The Value Triangle: What’s It To You?
Consider the places you shop. Why do you choose each over its competitors? What value do you find there? Perhaps it’s the convenience of the location, competitive price, the items carried, past successes, or name recognition. All the various reasons consumers have for deciding to give their business to one company over another can be summed up in the terms: good, fast, and cheap. Or you may prefer more sophisticated terminology like: quality, time, and cost. Either way, the principle of these decision drivers is the same.
Enter the Value Triangle. This concept is not new, but it is important for you to understand as a business owner. At each point of the triangle resides one of the three fundamental decision drivers. As the triangle is rotated, the order of the points from top to bottom then reflects the order of priority between the three.
A construction shop owner I worked with, when taking on a new job, pointed to the triangle on the wall and said, “Pick two.” He knew he could deliver any twosome combination based on the client’s want, but needed the client to understand up-front that getting all three was unrealistic. Good and fast won’t be cheap; fast and cheap won’t be good; good and cheap won’t be fast.
To some extent, you’re likely already putting the Value Triangle into practice by influencing how consumers understand your business’s value in relation to your competitors. Essentially, “you should buy from us because we’re…”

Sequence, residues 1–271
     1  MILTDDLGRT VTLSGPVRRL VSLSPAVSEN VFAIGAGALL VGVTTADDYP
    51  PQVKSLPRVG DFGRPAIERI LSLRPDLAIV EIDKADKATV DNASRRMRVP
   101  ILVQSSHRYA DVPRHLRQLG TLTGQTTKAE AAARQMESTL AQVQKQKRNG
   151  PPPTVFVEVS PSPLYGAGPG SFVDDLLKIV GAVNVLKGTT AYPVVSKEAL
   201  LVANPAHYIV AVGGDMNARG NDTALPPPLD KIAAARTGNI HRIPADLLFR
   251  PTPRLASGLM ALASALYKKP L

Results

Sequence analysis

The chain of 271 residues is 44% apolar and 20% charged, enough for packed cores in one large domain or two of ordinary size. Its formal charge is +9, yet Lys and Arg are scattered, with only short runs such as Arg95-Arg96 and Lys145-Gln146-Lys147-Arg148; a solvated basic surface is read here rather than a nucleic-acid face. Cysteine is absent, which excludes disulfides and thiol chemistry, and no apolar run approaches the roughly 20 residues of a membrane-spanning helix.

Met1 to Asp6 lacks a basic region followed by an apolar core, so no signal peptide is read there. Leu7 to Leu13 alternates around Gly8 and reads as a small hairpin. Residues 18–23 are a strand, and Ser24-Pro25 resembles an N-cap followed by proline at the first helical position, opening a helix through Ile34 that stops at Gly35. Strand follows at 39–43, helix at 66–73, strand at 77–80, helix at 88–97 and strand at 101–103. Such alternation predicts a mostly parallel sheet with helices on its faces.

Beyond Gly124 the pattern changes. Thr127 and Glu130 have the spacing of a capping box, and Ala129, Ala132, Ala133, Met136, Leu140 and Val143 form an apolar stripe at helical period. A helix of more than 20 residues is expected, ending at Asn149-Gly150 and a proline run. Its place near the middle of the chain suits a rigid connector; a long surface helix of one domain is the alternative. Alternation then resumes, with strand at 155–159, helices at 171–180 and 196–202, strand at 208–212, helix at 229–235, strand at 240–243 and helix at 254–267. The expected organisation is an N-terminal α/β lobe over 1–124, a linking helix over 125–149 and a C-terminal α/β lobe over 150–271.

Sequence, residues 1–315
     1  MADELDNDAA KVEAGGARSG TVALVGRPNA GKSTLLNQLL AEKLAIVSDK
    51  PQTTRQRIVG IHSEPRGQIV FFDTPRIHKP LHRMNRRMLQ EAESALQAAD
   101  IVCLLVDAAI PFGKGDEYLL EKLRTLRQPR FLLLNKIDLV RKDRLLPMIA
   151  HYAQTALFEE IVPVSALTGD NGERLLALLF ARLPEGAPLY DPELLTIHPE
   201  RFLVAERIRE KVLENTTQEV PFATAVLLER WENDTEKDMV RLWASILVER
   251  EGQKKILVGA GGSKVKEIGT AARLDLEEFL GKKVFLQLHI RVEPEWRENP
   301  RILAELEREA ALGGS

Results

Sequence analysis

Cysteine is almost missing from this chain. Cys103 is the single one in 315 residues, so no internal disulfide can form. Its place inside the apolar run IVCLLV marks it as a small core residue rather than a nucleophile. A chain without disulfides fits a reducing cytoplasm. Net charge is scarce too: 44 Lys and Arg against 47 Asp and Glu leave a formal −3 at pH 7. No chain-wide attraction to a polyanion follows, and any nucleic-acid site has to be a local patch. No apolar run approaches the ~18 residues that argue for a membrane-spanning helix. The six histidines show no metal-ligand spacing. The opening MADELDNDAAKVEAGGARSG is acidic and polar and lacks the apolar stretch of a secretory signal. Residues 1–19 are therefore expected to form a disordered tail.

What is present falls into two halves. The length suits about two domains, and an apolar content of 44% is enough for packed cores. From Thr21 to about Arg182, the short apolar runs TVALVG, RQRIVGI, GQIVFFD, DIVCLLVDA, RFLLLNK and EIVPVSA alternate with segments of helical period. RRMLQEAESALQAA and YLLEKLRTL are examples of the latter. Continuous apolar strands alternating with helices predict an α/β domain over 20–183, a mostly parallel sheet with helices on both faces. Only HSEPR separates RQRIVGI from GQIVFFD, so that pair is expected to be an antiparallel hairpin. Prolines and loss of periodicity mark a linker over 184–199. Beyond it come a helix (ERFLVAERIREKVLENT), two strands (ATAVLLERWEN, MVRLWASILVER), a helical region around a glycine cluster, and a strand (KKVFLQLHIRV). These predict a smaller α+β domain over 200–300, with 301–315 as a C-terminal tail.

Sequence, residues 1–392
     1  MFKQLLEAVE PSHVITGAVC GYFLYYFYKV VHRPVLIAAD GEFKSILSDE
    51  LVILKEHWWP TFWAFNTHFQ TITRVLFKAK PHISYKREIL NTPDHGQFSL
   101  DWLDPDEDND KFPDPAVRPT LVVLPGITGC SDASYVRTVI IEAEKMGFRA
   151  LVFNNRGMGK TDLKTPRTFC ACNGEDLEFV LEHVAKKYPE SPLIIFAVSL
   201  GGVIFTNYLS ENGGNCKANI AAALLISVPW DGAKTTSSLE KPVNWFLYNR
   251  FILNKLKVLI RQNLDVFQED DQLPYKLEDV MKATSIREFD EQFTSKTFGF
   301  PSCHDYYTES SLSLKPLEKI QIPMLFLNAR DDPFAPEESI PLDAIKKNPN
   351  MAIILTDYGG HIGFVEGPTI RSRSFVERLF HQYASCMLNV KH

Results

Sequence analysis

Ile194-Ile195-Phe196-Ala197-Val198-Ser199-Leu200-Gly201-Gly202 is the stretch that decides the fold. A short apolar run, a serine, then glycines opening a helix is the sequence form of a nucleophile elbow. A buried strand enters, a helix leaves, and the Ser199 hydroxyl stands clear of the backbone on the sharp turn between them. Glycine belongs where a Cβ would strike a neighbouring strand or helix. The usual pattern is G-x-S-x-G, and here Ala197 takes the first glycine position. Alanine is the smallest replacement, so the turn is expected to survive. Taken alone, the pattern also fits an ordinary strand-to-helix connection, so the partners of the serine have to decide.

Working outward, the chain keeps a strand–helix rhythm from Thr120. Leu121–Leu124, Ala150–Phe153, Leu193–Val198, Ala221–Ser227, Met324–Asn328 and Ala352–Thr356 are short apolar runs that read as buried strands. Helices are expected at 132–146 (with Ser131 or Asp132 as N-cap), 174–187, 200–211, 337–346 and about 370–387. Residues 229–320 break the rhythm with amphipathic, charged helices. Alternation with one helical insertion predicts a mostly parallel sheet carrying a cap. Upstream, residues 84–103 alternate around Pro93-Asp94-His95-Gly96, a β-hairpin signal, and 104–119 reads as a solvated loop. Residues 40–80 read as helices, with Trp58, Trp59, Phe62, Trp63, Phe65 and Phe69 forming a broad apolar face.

Good, fast, and cheap are all relative based on what the customer is comparing it to and their preconceived expectation. This goes hand-in-hand with knowing your target market and how they shop. If one customer has a budget of $100,000, then $100 won’t be much. If another customer has a budget of $50, however, then $100 is a lot.
Here is where context is important! If you can effectively help your clients understand the value of organizing their priorities as you offer them and how they will benefit from the superior execution you provide of your top drivers, you will attract customers.
Unlike the construction shop owner, not every business can provide any combination desired. In fact, many businesses are specifically designed to deliver one particular order of priorities. If your company’s objective is to offer the lowest prices, then Cheap must inherently be the highest priority. Whichever driver (Fast or Good) then best enables you to deliver Cheap will tip the scale as the second priority.
Much to everyone’s disappointment, we can’t have all three – though we do try! No single business can be simultaneously the cheapest, fastest, and best without also being the only.
On the other end of the spectrum, it is also unrealistic to think only one value can be emphasized and the other two deemed of equal importance. If consumers want all three and are settling for two, they certainly won’t be attracted by the prospect of only one. By trying to split your focus evenly between two second level priorities, you won’t deliver excellence on either.
So where do you excel? Do you know why, and which, customers are using your services over your competitors? Are the values you’re delivering in line with those you’re advertising? How effectively are you communicating your value? Knowing which order best suites your company informs your business strategy, focuses your advertising, and improves customer satisfaction – assuming you deliver on your word! Contact Venture Further Consulting, Inc. today and let us help you dial-in the best Value Triangle array for you and your customers!